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J. R. Poisson v. Etienne d’Avril is a purported opinion of the Arkansas Supreme Court that was published as an April Fool’s Day joke by Associate Justice George Rose Smith on April 1, 1968. In the opinion, he declares that a fictional Arkansas statute (the “Omnibus Repealer”) abrogates all statutory law in Arkansas but does not affect the common law.
George Rose Smith was known for his wry sense of humor. He was a grandson of Uriah Rose, the founder of the Rose Law Firm in Little Rock (Pulaski County), and served as a partner in the firm until his election to the Arkansas Supreme Court in 1948. He holds the record as the longest-serving justice in the history of the Arkansas Supreme Court, retiring in 1986. He enjoyed word play, producing eighteen popular crossword puzzles published by the Arkansas News.
J. R. Poisson v. Etienne d’Avril was a fictitious opinion authored by Justice Smith as an April Fool’s Day joke. Another fictitious opinion, Catt v. State, was actually published in the regional reports of the West Publishing Co. as though it were an actual opinion of the Arkansas Supreme Court in 1985. An unsuspecting Delaware judge actually cited Catt as an authority in a published opinion, State v. Willis (1995). The citation can still be found in the Lexis version of this opinion, although West Publishing Company excised it from the Atlantic Reporter and the Westlaw version.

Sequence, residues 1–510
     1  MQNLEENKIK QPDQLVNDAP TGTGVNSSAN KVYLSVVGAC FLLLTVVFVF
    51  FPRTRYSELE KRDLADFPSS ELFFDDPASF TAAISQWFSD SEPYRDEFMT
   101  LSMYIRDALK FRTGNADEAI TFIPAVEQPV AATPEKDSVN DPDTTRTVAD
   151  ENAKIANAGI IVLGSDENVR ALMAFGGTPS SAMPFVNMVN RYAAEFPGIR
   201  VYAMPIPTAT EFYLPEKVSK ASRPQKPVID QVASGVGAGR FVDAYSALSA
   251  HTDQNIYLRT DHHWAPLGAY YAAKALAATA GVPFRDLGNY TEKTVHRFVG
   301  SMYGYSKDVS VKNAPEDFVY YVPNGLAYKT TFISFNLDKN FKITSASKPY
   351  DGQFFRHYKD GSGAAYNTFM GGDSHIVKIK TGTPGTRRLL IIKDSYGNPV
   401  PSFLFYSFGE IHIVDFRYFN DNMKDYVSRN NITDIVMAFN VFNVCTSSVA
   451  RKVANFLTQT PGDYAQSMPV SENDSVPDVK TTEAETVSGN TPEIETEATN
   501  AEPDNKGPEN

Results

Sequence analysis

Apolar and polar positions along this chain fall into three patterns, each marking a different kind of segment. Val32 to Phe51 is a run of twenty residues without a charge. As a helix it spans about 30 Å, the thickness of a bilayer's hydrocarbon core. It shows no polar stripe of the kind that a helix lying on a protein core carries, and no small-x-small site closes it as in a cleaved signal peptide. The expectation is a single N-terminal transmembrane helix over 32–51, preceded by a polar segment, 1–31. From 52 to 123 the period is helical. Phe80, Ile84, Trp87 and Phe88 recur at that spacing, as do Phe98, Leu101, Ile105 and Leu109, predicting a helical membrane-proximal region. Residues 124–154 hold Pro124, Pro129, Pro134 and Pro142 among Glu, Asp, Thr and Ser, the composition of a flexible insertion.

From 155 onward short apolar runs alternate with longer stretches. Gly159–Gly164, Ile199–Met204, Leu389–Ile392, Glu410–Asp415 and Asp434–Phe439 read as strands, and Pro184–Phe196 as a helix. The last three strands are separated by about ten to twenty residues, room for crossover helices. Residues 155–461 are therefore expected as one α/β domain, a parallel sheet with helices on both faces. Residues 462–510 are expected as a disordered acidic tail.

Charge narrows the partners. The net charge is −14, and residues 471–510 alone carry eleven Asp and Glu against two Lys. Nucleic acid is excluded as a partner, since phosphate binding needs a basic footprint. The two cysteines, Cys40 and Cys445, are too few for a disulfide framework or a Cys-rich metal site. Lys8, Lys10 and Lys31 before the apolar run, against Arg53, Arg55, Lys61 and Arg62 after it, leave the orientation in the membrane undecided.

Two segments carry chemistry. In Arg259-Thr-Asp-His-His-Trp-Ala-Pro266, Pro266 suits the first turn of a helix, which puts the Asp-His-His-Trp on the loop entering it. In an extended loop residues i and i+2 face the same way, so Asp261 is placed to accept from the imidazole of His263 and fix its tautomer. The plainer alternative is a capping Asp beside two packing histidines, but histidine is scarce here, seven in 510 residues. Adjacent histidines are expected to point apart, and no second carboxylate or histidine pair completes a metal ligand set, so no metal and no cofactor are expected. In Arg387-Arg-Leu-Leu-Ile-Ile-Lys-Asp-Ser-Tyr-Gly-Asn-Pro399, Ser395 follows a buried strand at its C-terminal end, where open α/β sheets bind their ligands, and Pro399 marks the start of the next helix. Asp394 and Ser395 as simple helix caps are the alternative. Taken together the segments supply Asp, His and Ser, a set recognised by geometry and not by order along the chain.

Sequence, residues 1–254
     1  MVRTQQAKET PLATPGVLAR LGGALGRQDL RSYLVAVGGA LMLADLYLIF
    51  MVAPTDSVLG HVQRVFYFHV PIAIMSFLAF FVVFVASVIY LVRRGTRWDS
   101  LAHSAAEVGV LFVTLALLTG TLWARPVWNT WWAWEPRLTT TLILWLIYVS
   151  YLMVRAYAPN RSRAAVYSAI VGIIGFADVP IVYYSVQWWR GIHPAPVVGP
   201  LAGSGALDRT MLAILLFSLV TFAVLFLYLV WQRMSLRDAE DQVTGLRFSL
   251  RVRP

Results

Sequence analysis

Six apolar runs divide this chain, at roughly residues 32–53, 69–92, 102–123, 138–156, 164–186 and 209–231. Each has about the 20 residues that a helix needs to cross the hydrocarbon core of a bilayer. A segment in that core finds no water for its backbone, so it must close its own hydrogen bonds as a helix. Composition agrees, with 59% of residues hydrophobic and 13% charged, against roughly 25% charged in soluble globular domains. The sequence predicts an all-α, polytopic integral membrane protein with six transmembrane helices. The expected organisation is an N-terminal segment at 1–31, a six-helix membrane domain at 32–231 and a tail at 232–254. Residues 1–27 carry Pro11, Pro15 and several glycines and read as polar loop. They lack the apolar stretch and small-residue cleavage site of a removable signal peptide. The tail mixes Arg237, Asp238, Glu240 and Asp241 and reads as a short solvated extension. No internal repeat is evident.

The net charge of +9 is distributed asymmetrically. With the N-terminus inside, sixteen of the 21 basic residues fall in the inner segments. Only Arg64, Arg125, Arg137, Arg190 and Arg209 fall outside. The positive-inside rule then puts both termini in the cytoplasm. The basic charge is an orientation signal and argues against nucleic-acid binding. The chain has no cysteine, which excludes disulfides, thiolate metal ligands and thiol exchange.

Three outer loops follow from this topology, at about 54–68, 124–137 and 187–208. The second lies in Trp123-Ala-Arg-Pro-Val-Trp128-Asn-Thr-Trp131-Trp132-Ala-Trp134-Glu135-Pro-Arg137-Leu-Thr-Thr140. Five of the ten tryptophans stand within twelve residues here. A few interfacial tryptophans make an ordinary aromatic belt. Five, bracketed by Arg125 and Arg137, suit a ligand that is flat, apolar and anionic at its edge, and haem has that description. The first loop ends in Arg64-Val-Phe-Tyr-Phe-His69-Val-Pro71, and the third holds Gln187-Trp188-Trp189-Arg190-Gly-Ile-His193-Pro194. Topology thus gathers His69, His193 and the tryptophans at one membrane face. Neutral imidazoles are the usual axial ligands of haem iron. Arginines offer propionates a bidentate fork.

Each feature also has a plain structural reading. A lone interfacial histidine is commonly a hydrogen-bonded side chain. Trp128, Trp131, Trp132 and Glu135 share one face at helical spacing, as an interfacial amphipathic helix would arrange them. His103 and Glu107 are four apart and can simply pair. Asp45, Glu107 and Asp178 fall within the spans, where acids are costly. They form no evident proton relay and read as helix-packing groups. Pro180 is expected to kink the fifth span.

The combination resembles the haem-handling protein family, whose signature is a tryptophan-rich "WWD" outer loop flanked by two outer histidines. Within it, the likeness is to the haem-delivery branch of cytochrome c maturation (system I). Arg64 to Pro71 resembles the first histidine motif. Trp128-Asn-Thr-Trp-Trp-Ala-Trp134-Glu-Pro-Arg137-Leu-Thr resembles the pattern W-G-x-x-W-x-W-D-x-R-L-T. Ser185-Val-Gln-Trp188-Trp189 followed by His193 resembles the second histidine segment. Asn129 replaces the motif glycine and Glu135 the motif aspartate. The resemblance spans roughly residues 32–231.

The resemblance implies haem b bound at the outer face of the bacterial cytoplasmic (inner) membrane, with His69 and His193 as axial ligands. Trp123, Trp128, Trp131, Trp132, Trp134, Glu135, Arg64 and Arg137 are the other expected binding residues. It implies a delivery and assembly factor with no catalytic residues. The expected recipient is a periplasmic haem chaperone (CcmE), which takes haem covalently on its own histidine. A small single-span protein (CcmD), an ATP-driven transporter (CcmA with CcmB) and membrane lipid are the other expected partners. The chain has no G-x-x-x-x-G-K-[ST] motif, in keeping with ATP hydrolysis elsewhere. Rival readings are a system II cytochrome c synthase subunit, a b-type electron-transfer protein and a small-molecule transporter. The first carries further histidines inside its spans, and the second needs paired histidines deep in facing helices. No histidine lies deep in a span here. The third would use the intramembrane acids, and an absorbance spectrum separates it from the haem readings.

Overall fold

One year before Justice Smith published J. R. Poisson, he published a law review article, “A Primer of Opinion Writing” (Arkansas Law Review, 1967) that included a short section strongly discouraging judicial humor. Smith later overruled himself in “A Critique of Judicial Humor” (Arkansas Law Review, 1990).
Justice Smith took the name of the case from the French term “Poisson d’Avril,” which literally means “April Fish.” April Fool’s Day is thought by some to have originated in France, and those who were fooled were known as the April fish. Some people believe the origin of April Fool’s Day can be traced to the adoption of the Gregorian calendar in 1564. Until then, the Julian calendar observed the beginning of the New Year in April. People who insisted on following the old calendar were mocked as April “fish,” or fools. J. R. Poisson v. Etienne d’Avril has achieved widespread fame as a classic example of judicial humor and has been widely reprinted.
For additional information:George, Joyce J. Judicial Opinion Writing Handbook. 5th ed. Buffalo, NY: William S. Hein & Company, 2007.
Jones, Rodney R., and Gerald F. Uelmen. Supreme Folly. New York: W. W. Norton, 1990.
Gerald F. UelmenSanta Clara University School of Law
Last Updated 3/27/2015
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